I left the car at the strangely-named Water Sinks car park and walked the 300 metres to the southern shore of Malham Tarn. The air was hazy with a thin drizzle, which softened the outlines of the surrounding hills. Though the summits of these hills were of significant heights, they appeared less so, because of the tarn’s altitude of 377 metres above sea level. The east and west shores were largely clear of trees, but a forest, resplendent in autumn shades, stretched along the north shore, its continuity broken by the open patch in which stood the impressive Malham Tarn Field Studies Centre.
A gently sloping weir allowed water to run from the tarn into a stream that flowed with hardly a ripple back to the road. I followed this for another few hundred metres beyond the road. The ground was so flat that the water seemed not to be moving, but puddled out into a series of small ponds populated by families of mallards.
Then the reason for the car park’s name became obvious. The stream trickled into a patch of stones and disappeared. It was tempting to imagine that it would emerge after a subterranean journey “through caverns measureless to man” to become the source of the River Aire at the base of Malham Cove, but in fact it does so a mile-or-so farther south, near Aire Head.
Malham Tarn is the higher of only two natural lakes in the Yorkshire Dales National Park. Resting on a bedrock of limestone, its alkaline nature makes it rare in Europe. In addition to its being a National Nature Reserve, the tarn and its adjoining Moss comprise a Special Area of Conservation and a wetland of international importance under the 1971 Ramsar Convention.
I drove to a second car park west of the tarn then followed a boardwalk over Tarn Moss. This is a mosaic of acid raised bog and lime-rich fen, up to ten metres deep and ten thousand years old. Much of the spring and summer vegetation of bog asphodel, cotton grass, cranberry and insectivorous sundew had faded into autumn hues and the occasional pools occupied flat areas between patches of water-tolerant shrubs. I continued over a footbridge and through wet woodland to a road that brought me back to the car.
The following morning, beneath a blue sky and warm sun, I took the footpath that ran south out of Malham village. This led around a field boundary, before turning along a river bank. After passing a few barns, the path entered woodland and became rougher, scrambling up rocky steps to reach the beautiful waterfall of Janet’s Foss. Legend has it that Janet is a fairy queen, who lives in a cave behind the falls. The word “foss” betrays the Viking influence in the region, as this is the Norwegian word for a waterfall. In places like the Lake District, this same word has evolved into “force”. Words of similar origin are “dale” and “tarn”, the latter referring to a mountain teardrop. The waterfall, over the centuries has deposited a layer of calcium carbonate over the underlying rocks, creating a crust referred to, by geologists, as tufa. The mechanism of its formation is similar to that by which calcite curtains, stalagmites and stalactites are formed in limestone caves. Despite the temperature of the clear plunge pool, a hardy couple had succumbed to its seductions, and were engaged in what was probably a very cold swim.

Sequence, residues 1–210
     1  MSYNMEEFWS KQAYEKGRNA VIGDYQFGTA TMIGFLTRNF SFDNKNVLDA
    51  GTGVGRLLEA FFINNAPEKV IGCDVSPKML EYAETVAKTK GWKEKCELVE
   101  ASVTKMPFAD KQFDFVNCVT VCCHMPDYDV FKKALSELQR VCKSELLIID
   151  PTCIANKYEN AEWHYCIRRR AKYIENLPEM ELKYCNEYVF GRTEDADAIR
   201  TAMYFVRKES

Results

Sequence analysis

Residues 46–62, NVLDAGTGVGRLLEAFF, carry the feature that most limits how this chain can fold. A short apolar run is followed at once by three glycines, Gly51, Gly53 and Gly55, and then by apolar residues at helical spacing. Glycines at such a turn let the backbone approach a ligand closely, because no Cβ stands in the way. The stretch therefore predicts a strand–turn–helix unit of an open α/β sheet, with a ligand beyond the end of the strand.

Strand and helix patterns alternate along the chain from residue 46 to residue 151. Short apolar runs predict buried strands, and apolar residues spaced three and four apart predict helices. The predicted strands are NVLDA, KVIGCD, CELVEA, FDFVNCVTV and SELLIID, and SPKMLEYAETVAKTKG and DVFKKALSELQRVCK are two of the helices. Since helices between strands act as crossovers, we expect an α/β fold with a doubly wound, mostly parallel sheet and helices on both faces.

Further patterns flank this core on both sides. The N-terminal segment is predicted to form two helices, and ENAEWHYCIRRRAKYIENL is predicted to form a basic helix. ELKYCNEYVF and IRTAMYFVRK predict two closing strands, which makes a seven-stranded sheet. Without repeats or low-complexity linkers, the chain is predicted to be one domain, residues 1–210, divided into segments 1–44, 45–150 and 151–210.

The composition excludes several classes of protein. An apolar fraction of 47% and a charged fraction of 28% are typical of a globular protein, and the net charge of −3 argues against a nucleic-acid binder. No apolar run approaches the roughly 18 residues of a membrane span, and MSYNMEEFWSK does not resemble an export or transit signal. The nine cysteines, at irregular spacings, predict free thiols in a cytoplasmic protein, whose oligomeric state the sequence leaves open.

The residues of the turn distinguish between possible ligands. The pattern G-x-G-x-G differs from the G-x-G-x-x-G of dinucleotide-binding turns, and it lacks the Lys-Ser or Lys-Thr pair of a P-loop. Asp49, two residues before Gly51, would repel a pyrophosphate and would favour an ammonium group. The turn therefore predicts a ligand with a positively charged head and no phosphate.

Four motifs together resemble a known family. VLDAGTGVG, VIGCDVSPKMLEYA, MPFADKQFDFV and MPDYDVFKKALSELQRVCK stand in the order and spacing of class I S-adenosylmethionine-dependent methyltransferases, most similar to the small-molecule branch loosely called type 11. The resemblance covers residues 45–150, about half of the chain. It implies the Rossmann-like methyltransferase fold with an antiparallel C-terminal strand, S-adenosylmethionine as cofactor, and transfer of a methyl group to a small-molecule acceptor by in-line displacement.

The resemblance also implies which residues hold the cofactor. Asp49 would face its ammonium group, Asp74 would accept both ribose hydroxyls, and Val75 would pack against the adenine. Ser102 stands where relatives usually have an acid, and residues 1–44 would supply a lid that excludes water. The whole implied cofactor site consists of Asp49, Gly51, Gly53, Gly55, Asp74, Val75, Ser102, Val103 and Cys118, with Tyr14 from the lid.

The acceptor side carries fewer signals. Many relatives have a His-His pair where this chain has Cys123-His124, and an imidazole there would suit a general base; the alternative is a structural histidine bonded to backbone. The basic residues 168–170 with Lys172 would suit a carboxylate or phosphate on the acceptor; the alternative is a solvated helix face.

Above the waterfall, the footpath levelled out again and continued past Gordale Bridge. Over the next half mile, the valley sides drew closer and became more precipitous, hinting that something dramatic lay ahead. Parts of the hillsides steepened into crags, from which hung thick ivy patches. Trees clung to cracks and tiny ledges, while a flock of crows circled above.
Then the footpath turned a corner to reveal one of the great set pieces of the Yorkshire Dales, Gordale Scar. The overhanging walls on either side of the stream rose to what appeared almost a touching distance apart. The base of the near wall was sufficiently undercut as to give shelter from rain, while metal bolts drilled into the limestone indicated the lines of rock climbs. A small cataract dropped into the centre of the gorge, which carried on cutting into the upper slopes. It was once thought that the gorge was the result of a roof having collapsed from a former cave, though it is now believed that it was cut by glacier and river activity during and after the last Ice Age.
I returned to Gordale Bridge and took the footpath uphill toward the second huge scenic marvel, Malham Cove. Again, the hints were there, but as at Gordale, the full spectacle revealed itself suddenly. First to appear was the limestone pavement, but after a few more approaching steps, this fell abruptly into the cove. Several people wandered across the pavement, some moving perilously close to the edge.
I crossed a dry valley that had once been a riverbed onto the pavement. This consisted of flat clints separated by deep, water-cut grikes that sheltered plants such as herb robert and hart’s tongue ferns. Beyond the pavement, a steep series of steps led down to the valley floor, from which the full spectacle of Malham Cove could be seen. Bigger and more open that Gordale Scar, this formed an enormous amphitheatre that dominated the entire valley all the way down to Malham village. Rock climbers tested their skills on a face that overhung a narrow ledge, and beneath that, the River Aire appeared magically from the base of the crag. Gathering in the waters from Malham Tarn the Aire now carries them downstream of the source and through the Yorkshire Dales to join the Ouse then the Trent and finally the Humber through which they are finally dispersed into the North Sea.